On Leelah, On Leaving, On Staying

HT_ht_joshua_leelah_alcorn5_ml_141231_4x3_992“My death needs to mean something.”

There’s a litany of things in Leelah Alcorn’s suicide note that are heartbreaking. That, for me, is the hardest.

“My death needs to mean something.”

Leelah Alcorn’s suicide calls us to do and become aware of a lot of things. We have to come to terms with how we treat transgender people – particularly transgender teens — in the beginning stages of their transitions (knowing those initial responses can shape whole lives and experiences). We have to change the way we treat transgender people in our culture as a whole. We have to stop thinking of identity as a treatable condition. We have to recognize what depression looks like, and we have to know what to do about it when we see it. We have to abandon the idea that faith alone can heal someone in the depths of depression (or any mental illness). We have to look more deeply at how faith communities talk about and collectively deal with the presence of LGBT people in their numbers.

And her suicide means we have to do The Hard Thing: embrace what we don’t understand as something as precious and valuable as ourselves. We have to love what we don’t fully “get.” We have to show grace and love even when we don’t exactly know and understand what we’re loving. We must be those people.

But we also have to say an even harder thing: Don’t kill yourself. 

Inside the very necessary calls to action on behalf of transgender teens like Leelah and against faith-based conversion therapy and the failure of faith communities to actually do what Jesus teaches us to do, we also have to take up a call of action on behalf of the living: don’t kill yourself. 

Out there is another teenager like Leelah. Out there are a thousand other teenagers like Leelah. And while I want them to know that the world hates how they’re being treated, and that they are not abberrations, and that God loves them despite what anyone says, I also want them to know that their death will never mean as much as their life. Never.

I don’t blame Leelah for her choice. It was difficult and brutal and impossible. I hate that she felt that it was the only choice left. But I mourn who she would have been. The courage of the girl who wanted her death to mean something could have evolved into the courage of a woman whose life would have meant something.

I mourn that woman.

As Jennifer Michael Hecht writes in her brilliant book “Stay: A History of Suicide and the Philosophies Against It,

“None of us can truly know what we mean to other people, and none of us can know what our future self will experience. History and philosophy ask us to remember these mysteries, to look around at friends, family, humanity, at the surprises life brings — the endless possibilities that living offers — and to persevere. There is love and insight to live for, bright moments to cherish, and even the possibility of happiness, and the chance of helping someone else through his or her own troubles. Know that people, through history and today, understand how much courage it takes to stay. Bear witness to the night side of being human and the bravery it entails, and wait for the sun. If we meditate on the record of human wisdom we may find there reason enough to persist and find our way back to happiness. The first step is to consider the arguments and evidence and choose to stay. After that, anything may happen. First, choose to stay.”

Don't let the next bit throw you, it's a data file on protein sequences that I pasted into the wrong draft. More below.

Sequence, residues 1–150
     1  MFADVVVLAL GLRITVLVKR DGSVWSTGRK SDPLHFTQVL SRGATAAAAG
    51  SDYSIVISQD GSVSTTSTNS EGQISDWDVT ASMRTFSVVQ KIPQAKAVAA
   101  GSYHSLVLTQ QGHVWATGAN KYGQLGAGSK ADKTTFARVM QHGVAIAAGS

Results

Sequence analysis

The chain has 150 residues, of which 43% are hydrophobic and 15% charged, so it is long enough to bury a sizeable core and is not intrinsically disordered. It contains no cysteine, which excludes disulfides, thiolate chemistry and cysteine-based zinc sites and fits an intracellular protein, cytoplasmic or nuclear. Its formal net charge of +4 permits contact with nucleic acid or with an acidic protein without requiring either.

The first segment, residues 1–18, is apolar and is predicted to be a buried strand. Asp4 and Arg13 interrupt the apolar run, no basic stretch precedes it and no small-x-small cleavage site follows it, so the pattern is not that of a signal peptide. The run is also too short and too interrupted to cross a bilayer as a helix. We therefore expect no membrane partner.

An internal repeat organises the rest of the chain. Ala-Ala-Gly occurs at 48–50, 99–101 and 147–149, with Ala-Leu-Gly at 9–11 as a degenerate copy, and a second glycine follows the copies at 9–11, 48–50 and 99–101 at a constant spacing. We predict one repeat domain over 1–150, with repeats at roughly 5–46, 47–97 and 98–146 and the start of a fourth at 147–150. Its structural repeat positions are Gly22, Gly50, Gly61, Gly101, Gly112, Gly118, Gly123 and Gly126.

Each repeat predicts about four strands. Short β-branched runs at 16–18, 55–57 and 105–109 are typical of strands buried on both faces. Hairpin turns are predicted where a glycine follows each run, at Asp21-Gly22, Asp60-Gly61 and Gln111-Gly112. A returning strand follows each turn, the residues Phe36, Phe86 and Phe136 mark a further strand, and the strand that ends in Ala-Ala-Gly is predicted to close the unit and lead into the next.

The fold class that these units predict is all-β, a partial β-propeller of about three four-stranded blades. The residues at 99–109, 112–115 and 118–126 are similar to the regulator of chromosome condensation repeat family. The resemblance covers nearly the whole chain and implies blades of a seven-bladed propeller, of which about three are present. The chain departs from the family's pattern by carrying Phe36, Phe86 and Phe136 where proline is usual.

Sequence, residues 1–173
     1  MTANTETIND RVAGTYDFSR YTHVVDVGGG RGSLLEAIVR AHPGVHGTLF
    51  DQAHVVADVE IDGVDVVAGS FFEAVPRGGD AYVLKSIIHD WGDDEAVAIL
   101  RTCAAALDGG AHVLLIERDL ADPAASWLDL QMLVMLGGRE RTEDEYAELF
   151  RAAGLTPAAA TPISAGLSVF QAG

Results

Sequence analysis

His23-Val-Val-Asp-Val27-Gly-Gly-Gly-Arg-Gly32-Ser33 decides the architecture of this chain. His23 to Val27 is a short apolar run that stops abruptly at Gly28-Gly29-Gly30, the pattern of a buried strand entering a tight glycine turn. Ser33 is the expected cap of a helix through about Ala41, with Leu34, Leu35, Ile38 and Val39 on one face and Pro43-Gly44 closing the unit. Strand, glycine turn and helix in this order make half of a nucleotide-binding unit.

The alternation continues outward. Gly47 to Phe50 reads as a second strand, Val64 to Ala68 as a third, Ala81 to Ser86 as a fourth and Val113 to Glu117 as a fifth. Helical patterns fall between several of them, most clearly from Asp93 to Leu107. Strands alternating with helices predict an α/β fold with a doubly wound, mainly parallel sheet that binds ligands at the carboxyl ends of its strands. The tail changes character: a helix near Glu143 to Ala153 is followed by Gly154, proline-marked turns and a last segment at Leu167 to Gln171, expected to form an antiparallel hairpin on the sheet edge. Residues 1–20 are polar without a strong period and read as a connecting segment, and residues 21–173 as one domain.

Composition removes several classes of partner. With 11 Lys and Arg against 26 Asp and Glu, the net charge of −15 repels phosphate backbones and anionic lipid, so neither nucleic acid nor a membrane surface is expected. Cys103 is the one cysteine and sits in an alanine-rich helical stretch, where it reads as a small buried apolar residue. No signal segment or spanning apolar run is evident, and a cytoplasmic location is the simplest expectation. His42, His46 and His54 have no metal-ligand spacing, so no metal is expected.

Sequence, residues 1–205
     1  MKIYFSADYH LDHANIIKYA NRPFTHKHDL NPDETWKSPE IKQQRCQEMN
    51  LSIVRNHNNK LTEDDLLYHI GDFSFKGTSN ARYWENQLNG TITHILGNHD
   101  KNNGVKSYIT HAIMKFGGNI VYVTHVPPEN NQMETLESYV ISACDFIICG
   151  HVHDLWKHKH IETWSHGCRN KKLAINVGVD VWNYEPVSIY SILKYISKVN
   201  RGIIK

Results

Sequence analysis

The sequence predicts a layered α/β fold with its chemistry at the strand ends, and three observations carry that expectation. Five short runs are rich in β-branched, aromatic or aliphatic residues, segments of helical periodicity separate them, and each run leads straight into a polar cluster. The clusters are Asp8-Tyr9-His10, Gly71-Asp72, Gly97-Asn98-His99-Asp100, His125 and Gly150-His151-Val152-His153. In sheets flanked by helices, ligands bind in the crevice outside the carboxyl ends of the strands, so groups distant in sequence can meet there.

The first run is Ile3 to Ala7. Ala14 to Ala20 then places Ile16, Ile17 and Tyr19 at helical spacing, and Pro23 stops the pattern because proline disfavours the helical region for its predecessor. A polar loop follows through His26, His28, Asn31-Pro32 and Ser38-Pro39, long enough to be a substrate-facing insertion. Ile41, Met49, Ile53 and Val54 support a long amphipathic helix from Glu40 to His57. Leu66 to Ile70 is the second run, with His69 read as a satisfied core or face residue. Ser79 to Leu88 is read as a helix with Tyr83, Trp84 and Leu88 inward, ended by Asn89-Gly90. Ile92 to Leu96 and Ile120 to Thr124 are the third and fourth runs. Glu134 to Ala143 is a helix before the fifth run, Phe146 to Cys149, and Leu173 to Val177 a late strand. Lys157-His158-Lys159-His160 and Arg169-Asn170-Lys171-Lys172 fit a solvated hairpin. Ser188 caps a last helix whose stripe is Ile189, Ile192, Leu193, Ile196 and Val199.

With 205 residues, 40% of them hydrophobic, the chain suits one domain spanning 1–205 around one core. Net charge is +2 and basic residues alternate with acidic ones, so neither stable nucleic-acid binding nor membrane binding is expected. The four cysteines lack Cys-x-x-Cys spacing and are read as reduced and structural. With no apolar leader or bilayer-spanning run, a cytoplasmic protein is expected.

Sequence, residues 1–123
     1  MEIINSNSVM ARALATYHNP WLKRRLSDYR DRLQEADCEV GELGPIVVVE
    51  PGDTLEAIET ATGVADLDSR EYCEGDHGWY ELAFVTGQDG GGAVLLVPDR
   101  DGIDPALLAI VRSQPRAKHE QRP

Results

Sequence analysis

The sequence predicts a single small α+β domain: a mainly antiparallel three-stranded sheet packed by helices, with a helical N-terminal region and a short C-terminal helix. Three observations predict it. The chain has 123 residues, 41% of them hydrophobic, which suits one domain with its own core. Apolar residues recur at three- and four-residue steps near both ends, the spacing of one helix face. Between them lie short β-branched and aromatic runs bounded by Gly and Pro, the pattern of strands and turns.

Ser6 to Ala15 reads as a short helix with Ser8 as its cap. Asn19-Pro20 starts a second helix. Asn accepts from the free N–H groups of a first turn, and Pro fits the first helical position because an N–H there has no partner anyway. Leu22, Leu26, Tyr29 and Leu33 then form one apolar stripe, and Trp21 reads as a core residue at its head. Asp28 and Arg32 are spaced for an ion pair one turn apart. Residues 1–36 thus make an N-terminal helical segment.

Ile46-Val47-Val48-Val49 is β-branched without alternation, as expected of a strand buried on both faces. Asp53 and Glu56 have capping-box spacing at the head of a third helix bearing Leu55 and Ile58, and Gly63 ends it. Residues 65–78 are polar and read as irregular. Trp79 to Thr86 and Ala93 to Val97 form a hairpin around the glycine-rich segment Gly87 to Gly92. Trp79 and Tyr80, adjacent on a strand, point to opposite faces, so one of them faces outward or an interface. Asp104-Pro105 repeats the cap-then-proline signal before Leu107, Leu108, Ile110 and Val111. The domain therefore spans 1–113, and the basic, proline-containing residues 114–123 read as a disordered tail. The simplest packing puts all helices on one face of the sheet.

If I could say something to Leelah, I’d say, “I’m sorry. I’m sorry I didn’t do more with my life to carve out a safe space for you. I’m sorry your faith community failed you and gave you a mistaken idea of who God is. I’m sorry you had to choose suicide. I’ll do better. I’ll encourage others to do better. And I’ll do my best to make sure others don’t have to leave. I want them to stay. For themselves. For you. For the You you didn’t get to be.”

Another word from Jennifer Michael Hecht, her poem ‘Hemlock Rock (don’t kill yourself)”:

Don’t kill yourself. Don’t kill yourself.
Don’t. Eat a donut, be a blown nut.
That is, if you’re going to kill yourself,
stand on a street corner rhyming
seizure with Indonesia, and wreck it with
racket. Allow medical terms.
Rave and fail. Be an absurd living ghost,
if necessary, but don’t kill yourself.

Let your friends know that something has
passed, or be glad they’ve guessed.
But don’t kill yourself. If you stay, but are
bat crazy you will batter their hearts
in blooming scores of anguish; but kill
yourself, and hundreds of other people die.

Poison yourself, it poisons the well;
shoot yourself, it cracks the bio-dome.
I will give badges to everyone who’s figured
this out about suicide, and hence
refused it. I am grateful. Stay. Thank
you for staying. Please stay. You
are my hero for staying. I know
about it, and am grateful you stay.

Eat a donut. Rhyme opus with lotus.
Rope is bogus, psychosis. Stay.
Hocus Pocus. Hocus Pocus.
Dare not to kill yourself. I won’t either.
                      -Jennifer Michael Hecht “No Hemlock Rock (don’t kill yourself)”

 

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